especially in times of war and conflict, as is the case in the Middle East
today. While principle should define policy whenever possible, expediency is often
deemed necessary. The key is not to let expediency become the "new normal." After
Torch, it took a long, agonizing year, but Vichy's anti-Semitic laws were
finally repealed in North Africa. Roosevelt's Pentagon famously decided not to
bomb the railways to Auschwitz, but uneasiness with the Darlan Deal may have played
a role in the decision to seek unconditional surrender from Nazi Germany.
In today's Middle East, for example, the United States opposes
the spread of radical Sunni extremism. However, Washington still supports the
radical Sunni extremists who govern Saudi Arabia and Qatar because of our
larger interests in energy and the need to counter the threat of a hegemonic
Iran. A lesson from Torch is that this emphasis on security interests should
not forever trump the need to speak up loudly and forcefully on issues of principle,
such as the values of personal freedom, free speech, and religious tolerance.
America needs to find a time, a place, and a way to assert all its interests.
Gratitude will be fleeting, if it exists at all: Seventy
years ago, Allied troops roared through North Africa and ended the occupation
of local countries by the Vichy French, Nazi Germans and Fascist Italians. The
cost was thousands of American dead, including the 2,841 laid to rest in the
pristine grounds of the 27-acre U.S. military
cemetery near Carthage; the names of another 3,724 are chiseled in stone as "missing."
Some locals -- especially those who suffered personally under Axis rule
-- were grateful for this sacrifice. However, the views of most were summed up
by a Tunisian historian who I once asked to describe the scene in Tunis on the day
the city was liberated. "Liberated?" he asked caustically. "What liberation? We
went from German occupation back to French occupation."
Times haven't changed very much. U.S. forces saved Kuwait
from Saddam Hussein's stranglehold, but the desert emirate votes against the
United States at the United Nations about two-thirds of the time and has been
among the most miserly Arab states when it comes to responding to American
requests to support the Israeli-Palestinian peace process. Iraq today has a
chance to build a functioning democracy thanks to the United States, but it's
hard to find a pro-U.S. politician in Baghdad -- let alone a nice word for what
America did on behalf of the Iraqi people. And it is easier to find a ham
sandwich in Mecca than a "thank you" for the billions in development assistance
that the United States has provided Egypt over the past three decades.
But gratitude is not the metric of a wise policy. Americans
didn't make the greatest sacrifice 70 years ago to win the love of North
Africans, and that shouldn't be the goal of our policy in the Middle East
today. National interest -- not high poll numbers, warm embraces or polite
thank yous -- drove policy then, as it should now. Again, that doesn't mean
America should be indifferent to Arab goals and aspirations. To the contrary,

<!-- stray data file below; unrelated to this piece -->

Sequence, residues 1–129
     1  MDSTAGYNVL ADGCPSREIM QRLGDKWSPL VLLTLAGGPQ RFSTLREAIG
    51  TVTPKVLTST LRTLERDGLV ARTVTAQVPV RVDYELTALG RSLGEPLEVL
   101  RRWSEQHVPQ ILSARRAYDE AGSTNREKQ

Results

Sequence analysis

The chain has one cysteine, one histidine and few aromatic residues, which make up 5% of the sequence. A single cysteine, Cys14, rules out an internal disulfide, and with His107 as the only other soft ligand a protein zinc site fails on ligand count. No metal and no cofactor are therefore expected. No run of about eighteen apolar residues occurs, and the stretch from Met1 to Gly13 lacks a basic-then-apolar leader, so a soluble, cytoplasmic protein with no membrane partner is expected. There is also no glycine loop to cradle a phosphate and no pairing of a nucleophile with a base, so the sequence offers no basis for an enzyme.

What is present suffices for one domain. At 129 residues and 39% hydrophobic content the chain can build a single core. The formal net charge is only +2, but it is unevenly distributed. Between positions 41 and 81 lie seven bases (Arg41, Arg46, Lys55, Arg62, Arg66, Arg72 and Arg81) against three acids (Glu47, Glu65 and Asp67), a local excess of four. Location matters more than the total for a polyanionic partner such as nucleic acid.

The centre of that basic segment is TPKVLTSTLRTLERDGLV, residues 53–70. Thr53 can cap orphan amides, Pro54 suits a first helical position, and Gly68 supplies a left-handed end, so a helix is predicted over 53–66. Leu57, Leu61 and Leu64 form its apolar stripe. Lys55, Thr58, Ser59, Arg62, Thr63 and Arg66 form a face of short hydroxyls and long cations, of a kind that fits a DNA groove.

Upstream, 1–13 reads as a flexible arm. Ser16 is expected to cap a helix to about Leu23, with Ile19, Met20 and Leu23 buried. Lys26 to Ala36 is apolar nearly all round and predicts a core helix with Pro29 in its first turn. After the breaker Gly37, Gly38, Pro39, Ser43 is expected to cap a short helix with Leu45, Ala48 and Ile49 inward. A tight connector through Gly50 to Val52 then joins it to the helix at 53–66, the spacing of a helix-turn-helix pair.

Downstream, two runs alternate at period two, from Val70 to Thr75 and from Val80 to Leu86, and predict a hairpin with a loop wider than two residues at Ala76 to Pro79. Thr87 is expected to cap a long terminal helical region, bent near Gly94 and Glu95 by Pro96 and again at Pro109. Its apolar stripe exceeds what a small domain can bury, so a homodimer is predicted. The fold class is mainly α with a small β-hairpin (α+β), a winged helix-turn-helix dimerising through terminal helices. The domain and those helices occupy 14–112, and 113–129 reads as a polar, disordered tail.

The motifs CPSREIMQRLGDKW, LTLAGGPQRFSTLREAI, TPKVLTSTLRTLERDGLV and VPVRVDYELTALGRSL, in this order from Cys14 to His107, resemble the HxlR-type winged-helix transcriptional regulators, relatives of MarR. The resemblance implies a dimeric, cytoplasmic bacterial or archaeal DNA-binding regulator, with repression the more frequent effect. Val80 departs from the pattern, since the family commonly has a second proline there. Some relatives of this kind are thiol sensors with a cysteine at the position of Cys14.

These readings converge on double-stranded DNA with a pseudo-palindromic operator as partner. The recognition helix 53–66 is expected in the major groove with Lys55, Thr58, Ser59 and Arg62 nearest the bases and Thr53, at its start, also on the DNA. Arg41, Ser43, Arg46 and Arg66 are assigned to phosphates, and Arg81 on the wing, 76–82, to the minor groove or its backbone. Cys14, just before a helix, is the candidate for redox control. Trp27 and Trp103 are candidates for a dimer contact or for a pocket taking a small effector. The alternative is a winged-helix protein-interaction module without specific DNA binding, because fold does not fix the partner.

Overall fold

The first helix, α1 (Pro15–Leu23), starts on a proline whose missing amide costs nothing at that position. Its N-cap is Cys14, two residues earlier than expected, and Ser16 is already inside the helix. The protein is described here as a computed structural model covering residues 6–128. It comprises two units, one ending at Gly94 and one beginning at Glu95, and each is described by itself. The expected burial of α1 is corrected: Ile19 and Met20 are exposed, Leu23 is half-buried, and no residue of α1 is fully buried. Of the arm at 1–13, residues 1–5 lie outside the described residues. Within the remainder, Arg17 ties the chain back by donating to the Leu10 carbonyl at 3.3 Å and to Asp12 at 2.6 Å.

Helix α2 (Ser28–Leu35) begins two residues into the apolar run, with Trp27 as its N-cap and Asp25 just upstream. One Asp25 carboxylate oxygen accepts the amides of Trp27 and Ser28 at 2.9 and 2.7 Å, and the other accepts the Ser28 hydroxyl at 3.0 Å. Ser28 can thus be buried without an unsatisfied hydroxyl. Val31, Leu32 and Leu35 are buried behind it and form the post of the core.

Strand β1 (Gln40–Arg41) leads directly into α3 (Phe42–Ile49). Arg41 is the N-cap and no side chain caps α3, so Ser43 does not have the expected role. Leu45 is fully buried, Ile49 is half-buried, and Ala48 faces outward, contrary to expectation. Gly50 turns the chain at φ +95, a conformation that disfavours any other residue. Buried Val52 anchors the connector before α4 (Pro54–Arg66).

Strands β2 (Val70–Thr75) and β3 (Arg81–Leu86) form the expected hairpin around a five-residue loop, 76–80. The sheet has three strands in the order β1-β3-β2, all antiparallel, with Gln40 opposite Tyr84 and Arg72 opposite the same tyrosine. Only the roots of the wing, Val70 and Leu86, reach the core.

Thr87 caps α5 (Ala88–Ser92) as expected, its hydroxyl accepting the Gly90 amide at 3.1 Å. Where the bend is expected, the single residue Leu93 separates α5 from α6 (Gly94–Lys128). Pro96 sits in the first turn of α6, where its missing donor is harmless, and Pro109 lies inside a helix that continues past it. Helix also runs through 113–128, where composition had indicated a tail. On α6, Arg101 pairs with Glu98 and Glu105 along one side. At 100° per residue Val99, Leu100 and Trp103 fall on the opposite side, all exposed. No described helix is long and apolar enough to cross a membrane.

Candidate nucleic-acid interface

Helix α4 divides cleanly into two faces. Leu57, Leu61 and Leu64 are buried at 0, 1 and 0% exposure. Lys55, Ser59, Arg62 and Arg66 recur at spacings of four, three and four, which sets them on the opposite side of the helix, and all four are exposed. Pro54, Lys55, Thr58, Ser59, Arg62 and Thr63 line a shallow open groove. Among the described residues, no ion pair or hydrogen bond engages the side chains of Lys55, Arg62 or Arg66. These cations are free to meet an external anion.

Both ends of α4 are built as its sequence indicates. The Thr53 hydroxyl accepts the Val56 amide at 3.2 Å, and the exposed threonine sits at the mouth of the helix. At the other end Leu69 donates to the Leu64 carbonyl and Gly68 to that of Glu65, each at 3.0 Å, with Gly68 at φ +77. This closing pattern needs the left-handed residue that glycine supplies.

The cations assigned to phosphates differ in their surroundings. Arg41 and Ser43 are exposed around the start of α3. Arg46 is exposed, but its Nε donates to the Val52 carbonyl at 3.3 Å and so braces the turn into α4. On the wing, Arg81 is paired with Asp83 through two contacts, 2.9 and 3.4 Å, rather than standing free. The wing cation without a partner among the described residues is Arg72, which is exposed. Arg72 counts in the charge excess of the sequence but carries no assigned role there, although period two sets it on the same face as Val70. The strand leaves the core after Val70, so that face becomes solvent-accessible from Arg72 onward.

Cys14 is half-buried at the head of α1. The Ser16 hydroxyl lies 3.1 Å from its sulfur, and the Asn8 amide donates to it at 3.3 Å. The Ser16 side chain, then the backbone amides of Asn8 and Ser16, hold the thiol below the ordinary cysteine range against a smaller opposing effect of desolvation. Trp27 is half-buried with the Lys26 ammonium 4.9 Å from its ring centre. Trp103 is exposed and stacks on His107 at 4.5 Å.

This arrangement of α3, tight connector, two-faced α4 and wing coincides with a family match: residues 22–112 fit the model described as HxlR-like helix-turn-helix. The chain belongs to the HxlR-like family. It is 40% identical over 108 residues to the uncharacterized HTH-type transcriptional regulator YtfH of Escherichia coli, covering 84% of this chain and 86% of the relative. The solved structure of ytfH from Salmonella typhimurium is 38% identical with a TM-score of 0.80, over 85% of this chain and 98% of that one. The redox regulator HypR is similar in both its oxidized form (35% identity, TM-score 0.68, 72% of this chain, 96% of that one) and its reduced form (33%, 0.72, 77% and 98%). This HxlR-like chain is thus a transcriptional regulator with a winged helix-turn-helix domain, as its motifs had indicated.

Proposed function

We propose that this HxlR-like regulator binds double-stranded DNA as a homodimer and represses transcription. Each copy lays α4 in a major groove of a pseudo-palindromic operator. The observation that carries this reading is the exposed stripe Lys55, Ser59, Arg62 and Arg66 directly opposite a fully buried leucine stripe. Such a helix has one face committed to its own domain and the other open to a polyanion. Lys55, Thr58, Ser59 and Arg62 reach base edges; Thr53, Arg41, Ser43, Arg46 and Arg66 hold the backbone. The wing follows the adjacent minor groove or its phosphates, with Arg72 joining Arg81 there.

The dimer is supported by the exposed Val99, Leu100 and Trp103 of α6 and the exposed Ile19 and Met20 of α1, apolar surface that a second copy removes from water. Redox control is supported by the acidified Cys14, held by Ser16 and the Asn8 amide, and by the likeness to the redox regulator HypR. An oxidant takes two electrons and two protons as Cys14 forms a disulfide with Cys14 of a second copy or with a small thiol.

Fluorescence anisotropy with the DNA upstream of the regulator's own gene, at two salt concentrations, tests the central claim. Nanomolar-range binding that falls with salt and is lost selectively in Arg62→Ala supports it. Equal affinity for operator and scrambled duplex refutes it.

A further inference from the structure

should Arab countries and their leaders succeed, with American help, at
developing well-functioning economies with representative, inclusive,
transparent systems of government, this is, in the long run, a big win for the
United States. We just shouldn't expect a thank-you note.
We came, we fought, we went: American troops raced
across North Africa in World War II as fast as they could because their goal
was to jump across the Strait of Sicily to begin the long march to Rome and,
eventually, Berlin. They had little
interest in transforming politics and society along the way and therefore set
up no post-conflict military governments, organized no U.S.-style elections,
and handpicked no local leaders to hand the reins of power. The Pottery Barn
rule -- "you break it, you buy it" -- did not apply; the first store didn't
open its doors until 1950, anyway.
Today, in contrast, the United States is deeply involved in
the political life of countries across the region -- sometimes because of our
direct presence, aid and support; sometimes because of the lure of our culture;
sometimes only because the conspiratorial nature of local political thinking
inflates the role we play into a phantom reality which takes on an absurd but
very real life of its own.
To be sure, there are places where the United States should
embrace this connection as an opportunity and other places where we can't run
from the responsibility even if we wanted to do so. But if there is a lesson to
be drawn from America's experience seven decades ago, it is that Washington
should, at times, be willing to hew more closely to the Torch-era model of defining
interests, achieving objectives, and then saying à bientôt.
In the "Arab spring" states of Egypt and Tunisia, for
example, new leaders have a sense of entitlement that America owes them
billions of dollars in assistance as compensation for our past support of
pro-U.S. autocrats. In turn, some in Washington appear to have a breathless passion
to "get on the right side of history" by rushing to "educate"
oppositionists-turned-politicians who spent a lifetime condemning America, and
to provide them with substantial support without a clear understanding of the quid
pro quos involved.
While the era may have passed when America could have the
strategic equivalent of a one-night stand -- close intimacy followed by a
swift, no-regrets farewell -- our standing in many countries is likely to
improve the more we expect local governments to win us over, not vice versa.
This means projecting less eagerness and enthusiasm and more restraint and
* * *
Learning from history has its limits: Torch and its
aftermath do not provide all the answers for the many facets of America's
current involvement in the broader Middle East. After all, the North African
campaign was essentially a two-dimensional military affair -- Allies versus
Axis -- whereas today's Middle East is characterized by a multiplicity of
actors in a complex and highly politicized environment. But the lessons this
forgotten chapter of American engagement in the Arab world does offer -- from
the importance of defining strategy to the prioritization of competing
interests to the most effective way to engage local actors -- continue to
resonate. Indeed, preventing the next American deaths in Benghazi could depend
on learning from the legacy of the 2,841 buried in Carthage.